Charles Dickens: Tom Tiddler's Ground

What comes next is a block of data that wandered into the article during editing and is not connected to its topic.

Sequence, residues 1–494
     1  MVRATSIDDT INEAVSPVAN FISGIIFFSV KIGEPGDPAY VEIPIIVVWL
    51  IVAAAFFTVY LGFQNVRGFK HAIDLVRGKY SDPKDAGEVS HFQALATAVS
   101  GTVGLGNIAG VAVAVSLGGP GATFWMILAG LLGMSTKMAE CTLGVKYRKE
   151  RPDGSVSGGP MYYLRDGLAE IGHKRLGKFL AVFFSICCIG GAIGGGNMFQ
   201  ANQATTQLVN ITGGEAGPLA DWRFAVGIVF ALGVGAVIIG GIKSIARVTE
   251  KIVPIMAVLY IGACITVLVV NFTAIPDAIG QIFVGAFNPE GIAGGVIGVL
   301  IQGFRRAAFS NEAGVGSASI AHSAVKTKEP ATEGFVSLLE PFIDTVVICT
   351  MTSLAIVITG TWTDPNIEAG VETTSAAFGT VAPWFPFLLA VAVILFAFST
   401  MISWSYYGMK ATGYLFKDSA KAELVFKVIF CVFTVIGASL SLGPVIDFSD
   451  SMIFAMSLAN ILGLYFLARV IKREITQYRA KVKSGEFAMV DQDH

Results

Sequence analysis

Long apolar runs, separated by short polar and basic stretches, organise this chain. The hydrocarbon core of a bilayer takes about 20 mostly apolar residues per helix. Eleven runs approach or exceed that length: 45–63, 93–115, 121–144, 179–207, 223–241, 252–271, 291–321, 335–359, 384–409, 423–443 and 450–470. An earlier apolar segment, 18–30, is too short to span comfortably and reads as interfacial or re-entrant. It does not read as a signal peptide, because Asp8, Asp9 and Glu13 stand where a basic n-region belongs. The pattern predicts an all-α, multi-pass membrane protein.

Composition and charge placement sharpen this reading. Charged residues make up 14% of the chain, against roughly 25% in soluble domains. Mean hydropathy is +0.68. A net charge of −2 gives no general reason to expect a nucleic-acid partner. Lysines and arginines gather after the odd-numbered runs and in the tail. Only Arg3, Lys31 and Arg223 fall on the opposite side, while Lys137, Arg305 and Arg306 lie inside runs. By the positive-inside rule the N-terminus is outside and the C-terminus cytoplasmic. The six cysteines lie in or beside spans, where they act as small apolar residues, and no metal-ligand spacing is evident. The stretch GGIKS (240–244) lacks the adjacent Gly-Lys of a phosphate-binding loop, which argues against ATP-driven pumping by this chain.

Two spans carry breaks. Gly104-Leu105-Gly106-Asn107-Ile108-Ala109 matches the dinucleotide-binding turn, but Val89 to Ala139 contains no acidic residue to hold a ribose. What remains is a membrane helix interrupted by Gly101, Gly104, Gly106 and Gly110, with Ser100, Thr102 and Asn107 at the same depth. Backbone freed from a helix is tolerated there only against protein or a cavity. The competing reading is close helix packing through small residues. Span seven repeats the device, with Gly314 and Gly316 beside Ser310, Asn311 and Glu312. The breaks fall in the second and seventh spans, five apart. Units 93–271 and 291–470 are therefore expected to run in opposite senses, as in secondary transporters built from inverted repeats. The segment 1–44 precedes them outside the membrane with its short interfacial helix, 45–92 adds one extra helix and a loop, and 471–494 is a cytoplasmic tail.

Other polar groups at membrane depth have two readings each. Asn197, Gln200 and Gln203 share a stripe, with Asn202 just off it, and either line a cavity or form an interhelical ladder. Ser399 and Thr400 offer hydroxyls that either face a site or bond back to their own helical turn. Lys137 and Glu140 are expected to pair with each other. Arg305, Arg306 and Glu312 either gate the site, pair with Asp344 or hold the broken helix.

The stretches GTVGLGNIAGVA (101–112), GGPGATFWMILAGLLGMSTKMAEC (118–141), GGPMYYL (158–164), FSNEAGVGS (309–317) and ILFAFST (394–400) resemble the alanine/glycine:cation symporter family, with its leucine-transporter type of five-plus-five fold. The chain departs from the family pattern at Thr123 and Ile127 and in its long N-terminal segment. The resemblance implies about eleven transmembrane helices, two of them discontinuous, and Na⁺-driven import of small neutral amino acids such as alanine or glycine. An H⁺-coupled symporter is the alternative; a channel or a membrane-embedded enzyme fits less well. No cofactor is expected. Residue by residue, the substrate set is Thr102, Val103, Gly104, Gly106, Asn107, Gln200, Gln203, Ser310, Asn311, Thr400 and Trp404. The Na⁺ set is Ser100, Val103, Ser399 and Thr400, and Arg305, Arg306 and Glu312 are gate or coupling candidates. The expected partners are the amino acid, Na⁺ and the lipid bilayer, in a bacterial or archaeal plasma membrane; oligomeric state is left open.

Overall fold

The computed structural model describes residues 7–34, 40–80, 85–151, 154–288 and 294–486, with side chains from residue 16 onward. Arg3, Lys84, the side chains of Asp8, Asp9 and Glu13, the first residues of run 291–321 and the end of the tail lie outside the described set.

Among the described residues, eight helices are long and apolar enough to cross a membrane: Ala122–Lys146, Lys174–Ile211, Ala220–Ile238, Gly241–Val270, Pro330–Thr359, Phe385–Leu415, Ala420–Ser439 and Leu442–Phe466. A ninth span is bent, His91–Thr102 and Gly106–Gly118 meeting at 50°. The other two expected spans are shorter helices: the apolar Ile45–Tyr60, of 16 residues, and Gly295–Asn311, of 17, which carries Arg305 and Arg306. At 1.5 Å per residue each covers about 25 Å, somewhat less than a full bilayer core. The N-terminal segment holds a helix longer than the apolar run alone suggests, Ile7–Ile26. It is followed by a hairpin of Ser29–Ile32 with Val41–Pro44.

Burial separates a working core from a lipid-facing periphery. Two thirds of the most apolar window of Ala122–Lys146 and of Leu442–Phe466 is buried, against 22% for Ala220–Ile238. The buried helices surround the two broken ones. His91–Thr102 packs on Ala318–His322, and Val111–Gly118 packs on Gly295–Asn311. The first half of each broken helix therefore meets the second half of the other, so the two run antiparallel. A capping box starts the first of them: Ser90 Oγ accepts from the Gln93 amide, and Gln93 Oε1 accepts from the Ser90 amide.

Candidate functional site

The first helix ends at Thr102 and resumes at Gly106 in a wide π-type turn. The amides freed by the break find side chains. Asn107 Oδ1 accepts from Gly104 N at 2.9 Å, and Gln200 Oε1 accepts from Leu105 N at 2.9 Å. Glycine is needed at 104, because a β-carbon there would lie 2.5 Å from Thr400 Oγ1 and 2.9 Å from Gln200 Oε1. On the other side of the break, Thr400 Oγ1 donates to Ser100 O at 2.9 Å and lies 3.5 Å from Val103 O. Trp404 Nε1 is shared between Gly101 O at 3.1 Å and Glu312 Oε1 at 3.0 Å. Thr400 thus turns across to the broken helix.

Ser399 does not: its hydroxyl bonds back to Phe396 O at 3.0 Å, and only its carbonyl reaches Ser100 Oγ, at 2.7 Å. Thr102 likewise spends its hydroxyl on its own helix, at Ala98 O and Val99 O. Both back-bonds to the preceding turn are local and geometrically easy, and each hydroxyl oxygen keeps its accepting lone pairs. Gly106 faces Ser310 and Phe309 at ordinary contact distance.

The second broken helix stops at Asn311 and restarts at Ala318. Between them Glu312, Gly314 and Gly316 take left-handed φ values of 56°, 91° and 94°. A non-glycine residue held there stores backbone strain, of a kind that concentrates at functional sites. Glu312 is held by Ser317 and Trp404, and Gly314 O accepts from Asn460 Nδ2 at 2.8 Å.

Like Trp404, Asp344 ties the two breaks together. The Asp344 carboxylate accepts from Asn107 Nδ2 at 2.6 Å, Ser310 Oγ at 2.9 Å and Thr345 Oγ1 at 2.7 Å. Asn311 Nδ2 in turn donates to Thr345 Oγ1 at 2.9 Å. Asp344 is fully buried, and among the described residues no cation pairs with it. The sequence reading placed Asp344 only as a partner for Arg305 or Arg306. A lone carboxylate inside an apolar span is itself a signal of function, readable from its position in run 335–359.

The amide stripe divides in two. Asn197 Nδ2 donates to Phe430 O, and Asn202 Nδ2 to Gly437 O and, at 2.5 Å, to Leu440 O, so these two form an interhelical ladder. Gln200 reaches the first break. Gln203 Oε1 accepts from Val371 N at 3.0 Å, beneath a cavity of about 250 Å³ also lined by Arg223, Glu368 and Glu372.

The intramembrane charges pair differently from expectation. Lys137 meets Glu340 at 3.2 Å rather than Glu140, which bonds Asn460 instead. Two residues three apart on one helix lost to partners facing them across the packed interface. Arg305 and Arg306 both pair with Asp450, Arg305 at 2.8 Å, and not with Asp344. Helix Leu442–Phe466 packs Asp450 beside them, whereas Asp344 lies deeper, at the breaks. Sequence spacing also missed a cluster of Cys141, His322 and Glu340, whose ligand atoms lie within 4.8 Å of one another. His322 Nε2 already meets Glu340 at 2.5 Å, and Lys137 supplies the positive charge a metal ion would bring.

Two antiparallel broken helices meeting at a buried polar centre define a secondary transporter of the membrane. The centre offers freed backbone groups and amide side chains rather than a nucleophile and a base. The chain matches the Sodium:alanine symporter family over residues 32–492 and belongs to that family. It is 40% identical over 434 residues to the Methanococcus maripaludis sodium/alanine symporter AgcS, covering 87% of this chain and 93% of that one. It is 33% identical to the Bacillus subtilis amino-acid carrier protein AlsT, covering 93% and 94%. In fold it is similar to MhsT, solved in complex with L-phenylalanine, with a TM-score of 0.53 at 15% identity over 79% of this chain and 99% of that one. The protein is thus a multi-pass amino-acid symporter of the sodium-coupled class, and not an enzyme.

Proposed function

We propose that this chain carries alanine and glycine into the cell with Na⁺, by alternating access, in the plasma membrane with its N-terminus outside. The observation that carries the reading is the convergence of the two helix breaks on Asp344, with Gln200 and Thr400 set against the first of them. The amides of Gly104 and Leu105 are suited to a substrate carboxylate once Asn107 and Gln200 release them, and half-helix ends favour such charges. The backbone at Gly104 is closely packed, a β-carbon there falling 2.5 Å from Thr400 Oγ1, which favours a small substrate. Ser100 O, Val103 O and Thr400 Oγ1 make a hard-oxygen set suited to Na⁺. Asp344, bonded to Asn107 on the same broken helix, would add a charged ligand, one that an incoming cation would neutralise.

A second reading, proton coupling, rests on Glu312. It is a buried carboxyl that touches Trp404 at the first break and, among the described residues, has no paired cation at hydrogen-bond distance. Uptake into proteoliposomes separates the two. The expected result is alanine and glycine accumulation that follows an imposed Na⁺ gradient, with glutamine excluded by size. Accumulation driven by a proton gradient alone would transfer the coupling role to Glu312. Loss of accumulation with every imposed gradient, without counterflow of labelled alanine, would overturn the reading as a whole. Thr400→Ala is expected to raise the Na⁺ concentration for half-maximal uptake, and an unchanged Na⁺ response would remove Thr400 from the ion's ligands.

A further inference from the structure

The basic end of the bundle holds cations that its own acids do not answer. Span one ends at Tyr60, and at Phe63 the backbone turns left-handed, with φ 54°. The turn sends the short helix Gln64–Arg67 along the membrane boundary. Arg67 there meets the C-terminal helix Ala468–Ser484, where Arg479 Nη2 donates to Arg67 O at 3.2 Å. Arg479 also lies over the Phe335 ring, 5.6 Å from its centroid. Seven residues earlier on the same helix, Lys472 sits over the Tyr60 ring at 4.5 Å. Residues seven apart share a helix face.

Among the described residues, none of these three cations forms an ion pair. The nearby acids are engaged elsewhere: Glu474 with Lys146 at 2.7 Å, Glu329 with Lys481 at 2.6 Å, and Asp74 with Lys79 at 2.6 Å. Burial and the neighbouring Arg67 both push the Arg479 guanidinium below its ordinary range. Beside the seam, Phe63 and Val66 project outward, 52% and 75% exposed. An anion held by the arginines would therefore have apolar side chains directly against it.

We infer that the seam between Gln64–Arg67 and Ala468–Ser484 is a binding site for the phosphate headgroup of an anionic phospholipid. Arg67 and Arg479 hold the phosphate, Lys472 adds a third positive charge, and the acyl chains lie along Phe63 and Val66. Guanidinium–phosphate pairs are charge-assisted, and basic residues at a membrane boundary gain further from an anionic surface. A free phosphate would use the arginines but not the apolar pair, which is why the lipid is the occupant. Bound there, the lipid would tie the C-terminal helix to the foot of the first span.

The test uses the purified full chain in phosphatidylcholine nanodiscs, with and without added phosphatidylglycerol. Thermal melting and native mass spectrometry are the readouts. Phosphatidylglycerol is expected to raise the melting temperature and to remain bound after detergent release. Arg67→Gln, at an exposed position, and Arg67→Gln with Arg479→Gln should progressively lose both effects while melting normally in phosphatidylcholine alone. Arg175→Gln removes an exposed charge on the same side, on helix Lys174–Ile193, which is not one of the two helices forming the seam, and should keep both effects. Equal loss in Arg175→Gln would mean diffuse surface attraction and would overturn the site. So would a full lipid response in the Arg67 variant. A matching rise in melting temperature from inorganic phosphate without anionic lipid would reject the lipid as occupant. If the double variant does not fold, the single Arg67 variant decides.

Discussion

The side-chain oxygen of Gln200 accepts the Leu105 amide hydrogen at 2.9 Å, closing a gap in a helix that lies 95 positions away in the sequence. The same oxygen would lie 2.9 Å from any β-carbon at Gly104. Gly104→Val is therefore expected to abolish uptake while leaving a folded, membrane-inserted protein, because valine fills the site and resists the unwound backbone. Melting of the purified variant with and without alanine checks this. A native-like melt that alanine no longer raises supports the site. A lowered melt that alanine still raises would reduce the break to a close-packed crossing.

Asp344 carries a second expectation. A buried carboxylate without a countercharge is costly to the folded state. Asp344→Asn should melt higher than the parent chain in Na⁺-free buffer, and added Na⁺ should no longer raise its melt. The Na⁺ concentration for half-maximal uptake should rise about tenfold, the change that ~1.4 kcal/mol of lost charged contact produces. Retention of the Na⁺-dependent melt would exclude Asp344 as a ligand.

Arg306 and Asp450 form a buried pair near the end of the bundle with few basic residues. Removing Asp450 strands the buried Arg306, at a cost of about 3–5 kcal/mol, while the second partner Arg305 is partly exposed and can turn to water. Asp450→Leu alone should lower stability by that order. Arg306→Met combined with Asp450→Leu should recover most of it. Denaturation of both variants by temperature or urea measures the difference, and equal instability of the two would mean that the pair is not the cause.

"--Miss Kimmeens is not a professed philosopher, sir," said Mr. Traveller, presenting her at the barred window, and smoothing her shining hair, "but I apprehend there was some tincture of philosophy in her words, and in the prompt action with which she followed them. That action was, to emerge from her unnatural solitude, and look abroad for wholesome sympathy, to bestow and to receive. Her footsteps strayed to this gate, bringing her here by chance, as an apposite contrast to you. The child came out, sir. If you have the wisdom to learn from a child (but I doubt it, for that requires more wisdom than one in your condition would seem to possess), you cannot do better than imitate the child, and come out too--from that very demoralising hutch of yours."

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